Over the summer, I had the pleasure of being involved in a major SAS study on enterprise readiness for artificial intelligence (AI). The study involved in-depth interviews between SAS consultants and 100 C-level senior executives from organisations across the EMEA region. It was designed to explore their understanding of AI, its implications and issues, the challenges faced by their organisations, and their platform and team readiness to adopt AI.
Having conducted several interviews myself, it is fascinating to see the aggregated results in the report and how the people I have spoken to relate to the whole population. As part of the analytics platform architecture team, I was particularly interested to see the findings on readiness.
Discussing platform readiness
Creating architecture to support AI means having a platform in place to support all steps of the analytics lifecycle. In other words, being able to take full advantage of the adoption of AI will require organisations to have the right platform in place, as well as staff with the necessary skills to handle that platform. The questions about readiness in the study explored this issue further, and the responses were revealing.
We found that there was a wide gap between those who felt that their platform was either ready for AI, or well on the way to being prepared, and those who were not ready at all. Only a small number, just 12%, felt that they were absolutely ready to go. The largest group of respondents, 29%, said unreservedly that their platform capability was not ready, or that they had no specific tool or platform for AI. In between were two groups, each of around one quarter of respondents. The first felt that they were handling data management and algorithm processing well, and the second felt that they needed to adapt their current platform to make it more fit for purpose.
Some of those who were not ready made the point that they did not, at present, have any need for this type of platform. They had therefore, quite rightly, not made any decisions about what they would need, to avoid being tied to something unsuitable. Others, however, were already thinking about it, and many were looking at cloud-based solutions. The financial organisations in particular were avoiding cloud because of security issues, but many recognised that they might need to move to the cloud in future. Quite a number of respondents cited the additional scalability and flexibility of cloud-based solutions, which they thought would be important as they started using AI.
One of the companies I spoke to had been running several data experiments in a separate lab environment and these helped them a lot to get a better idea of what they really need in their production platform, both from a functional capability as from a capacity sizing and scalability perspective.
Strategies for team readiness
This emphasis on flexibility and scalability—and therefore cloud solutions—was echoed in some of the responses on team readiness. Over 20% of our respondents were considering the use of consultants, or drawing on staff in partner organisations, rather than recruiting or training up their own data science teams. They saw this as a way to build or expand their data science skills more flexibly than would be possible through recruitment.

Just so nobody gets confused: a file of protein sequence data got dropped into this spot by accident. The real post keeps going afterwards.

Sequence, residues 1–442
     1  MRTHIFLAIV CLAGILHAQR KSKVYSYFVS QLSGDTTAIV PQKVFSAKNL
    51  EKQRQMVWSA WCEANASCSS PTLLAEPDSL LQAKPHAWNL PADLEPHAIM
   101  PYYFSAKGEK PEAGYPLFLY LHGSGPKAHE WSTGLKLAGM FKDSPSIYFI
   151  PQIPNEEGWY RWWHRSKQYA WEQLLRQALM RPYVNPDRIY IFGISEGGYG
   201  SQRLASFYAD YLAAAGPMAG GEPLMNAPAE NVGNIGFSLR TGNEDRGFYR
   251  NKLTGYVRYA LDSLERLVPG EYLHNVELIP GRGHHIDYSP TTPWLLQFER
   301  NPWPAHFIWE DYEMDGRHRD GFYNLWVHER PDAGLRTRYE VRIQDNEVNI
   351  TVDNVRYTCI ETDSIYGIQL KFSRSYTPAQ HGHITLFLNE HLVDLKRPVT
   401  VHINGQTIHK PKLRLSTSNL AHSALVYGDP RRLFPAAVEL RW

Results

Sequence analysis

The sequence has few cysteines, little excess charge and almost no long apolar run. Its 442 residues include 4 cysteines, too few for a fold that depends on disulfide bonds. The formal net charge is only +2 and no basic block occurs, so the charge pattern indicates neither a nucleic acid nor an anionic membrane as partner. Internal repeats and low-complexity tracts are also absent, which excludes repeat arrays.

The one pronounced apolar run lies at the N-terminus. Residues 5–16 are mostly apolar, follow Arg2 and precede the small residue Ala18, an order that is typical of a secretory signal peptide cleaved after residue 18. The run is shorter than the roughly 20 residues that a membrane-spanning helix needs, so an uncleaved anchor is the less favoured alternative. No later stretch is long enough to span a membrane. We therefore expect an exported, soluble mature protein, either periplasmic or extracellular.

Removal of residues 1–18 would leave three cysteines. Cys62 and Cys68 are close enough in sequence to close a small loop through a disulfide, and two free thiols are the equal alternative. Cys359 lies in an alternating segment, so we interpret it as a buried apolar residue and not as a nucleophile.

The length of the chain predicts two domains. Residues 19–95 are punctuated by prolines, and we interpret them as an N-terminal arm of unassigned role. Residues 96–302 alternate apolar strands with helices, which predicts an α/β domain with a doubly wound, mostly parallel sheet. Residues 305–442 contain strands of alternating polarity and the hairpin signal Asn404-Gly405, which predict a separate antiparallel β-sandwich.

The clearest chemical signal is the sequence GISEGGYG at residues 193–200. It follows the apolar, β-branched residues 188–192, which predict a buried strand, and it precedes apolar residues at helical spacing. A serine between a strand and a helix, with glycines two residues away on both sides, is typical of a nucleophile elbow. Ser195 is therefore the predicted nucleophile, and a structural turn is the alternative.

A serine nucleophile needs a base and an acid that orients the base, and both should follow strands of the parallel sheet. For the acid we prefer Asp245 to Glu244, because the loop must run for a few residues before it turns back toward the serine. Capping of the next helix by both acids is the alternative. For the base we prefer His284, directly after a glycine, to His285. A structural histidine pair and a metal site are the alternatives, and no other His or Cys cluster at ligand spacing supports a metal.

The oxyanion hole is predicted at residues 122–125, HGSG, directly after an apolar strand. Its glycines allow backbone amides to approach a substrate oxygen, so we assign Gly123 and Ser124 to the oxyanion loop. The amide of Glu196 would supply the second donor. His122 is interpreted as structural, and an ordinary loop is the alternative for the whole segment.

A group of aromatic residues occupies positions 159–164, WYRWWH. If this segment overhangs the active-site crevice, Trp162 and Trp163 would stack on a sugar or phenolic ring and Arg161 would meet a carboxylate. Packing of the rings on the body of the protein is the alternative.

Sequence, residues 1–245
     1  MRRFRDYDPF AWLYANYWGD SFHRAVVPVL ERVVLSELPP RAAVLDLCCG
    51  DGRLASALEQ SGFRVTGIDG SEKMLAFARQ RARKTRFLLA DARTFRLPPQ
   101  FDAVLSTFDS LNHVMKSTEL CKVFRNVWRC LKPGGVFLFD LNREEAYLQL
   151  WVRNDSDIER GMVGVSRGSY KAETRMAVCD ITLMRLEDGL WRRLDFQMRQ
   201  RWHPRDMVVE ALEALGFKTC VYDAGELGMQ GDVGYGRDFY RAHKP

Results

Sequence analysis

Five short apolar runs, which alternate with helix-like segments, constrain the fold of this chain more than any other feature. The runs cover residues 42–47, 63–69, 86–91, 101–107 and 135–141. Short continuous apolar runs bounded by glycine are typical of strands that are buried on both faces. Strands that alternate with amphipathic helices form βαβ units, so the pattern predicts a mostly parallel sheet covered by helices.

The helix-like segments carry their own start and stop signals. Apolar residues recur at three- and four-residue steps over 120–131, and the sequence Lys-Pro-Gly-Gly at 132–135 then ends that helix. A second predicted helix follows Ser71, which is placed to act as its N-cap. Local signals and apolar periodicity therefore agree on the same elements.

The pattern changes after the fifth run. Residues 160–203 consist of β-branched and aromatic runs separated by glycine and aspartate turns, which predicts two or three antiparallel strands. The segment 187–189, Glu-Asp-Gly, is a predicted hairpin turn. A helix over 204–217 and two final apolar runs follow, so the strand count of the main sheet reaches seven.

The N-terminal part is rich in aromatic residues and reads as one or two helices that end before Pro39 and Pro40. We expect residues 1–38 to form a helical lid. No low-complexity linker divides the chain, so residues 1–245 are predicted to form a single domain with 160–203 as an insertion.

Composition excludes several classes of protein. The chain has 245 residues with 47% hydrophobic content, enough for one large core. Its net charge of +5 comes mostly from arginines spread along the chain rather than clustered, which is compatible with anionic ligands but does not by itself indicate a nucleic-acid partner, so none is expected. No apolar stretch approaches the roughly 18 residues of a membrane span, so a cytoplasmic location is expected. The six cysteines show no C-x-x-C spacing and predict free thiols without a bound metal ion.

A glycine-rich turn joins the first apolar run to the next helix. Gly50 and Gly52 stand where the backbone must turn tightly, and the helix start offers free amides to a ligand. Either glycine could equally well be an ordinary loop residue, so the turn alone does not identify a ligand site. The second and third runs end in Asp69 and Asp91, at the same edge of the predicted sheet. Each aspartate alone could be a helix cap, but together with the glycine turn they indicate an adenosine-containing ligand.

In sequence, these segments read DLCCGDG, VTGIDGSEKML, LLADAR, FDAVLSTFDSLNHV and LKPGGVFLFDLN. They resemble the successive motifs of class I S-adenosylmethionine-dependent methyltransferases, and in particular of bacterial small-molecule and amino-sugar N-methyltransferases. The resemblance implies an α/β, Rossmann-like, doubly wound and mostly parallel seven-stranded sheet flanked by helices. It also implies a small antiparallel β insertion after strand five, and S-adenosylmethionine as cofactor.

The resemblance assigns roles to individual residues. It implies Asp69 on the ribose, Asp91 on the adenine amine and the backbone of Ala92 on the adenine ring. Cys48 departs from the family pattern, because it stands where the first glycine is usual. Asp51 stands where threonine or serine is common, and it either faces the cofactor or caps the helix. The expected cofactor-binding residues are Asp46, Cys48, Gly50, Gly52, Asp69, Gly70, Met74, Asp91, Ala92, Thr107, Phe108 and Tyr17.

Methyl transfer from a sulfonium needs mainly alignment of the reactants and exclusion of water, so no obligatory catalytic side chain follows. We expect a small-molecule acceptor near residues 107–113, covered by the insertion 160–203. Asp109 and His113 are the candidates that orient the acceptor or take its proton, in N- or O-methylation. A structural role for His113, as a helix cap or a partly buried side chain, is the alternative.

This is, of course, dwarfed by the number of organisations that were planning to either train up their teams to acquire the necessary skills, or recruit new and skilled staff. But one fifth is nonetheless a significant number. Flexibility as an organisational strategy is linked to agility—being able to scale activity up and down at speed is crucial to responding effectively to rapid changes in the environment, and perhaps, to keeping up with the competition. It has the huge advantage that it does not require a huge upfront investment, although it can often end up costing more in the longer term.
Small organisations often opt for this kind of flexibility, for two main reasons. The first is upfront cost, but the second is recognition of their own limitations. Data scientists are a scarce commodity. They can command high wages, and choose where they work. Smaller organisations, with fewer opportunities, are less attractive employers than large consultancies, with their teams and communities of analysts and exciting opportunities for short- or longer-term projects. Using consultants is, therefore, a pragmatic response to a real-world problem that may be impossible to solve in any other way.
Among the respondents I interviewed myself there were people both from a large corporation and from a quite small very much business focused organisation, and it is interesting to see how their responses were very much in line with these results. The smaller organisation told me that the consultants were there to help them getting up and running quicker but they prefer taking over with own resources where possible on the longer term.
In the same way, cloud solutions allow organisations to buy a ready-made solution, without having either upfront investment costs, or the need to develop the expertise in building. One of the organisations I spoke to additionally saw the advantage of being up and running almost instantaneously as an additional benefit. The rise of options like analytics-as-a-service shows that many organisations see this as an important element in their strategy. That being so, it should probably not come as a surprise to see it being applied to the preparations to take advantage of AI, too.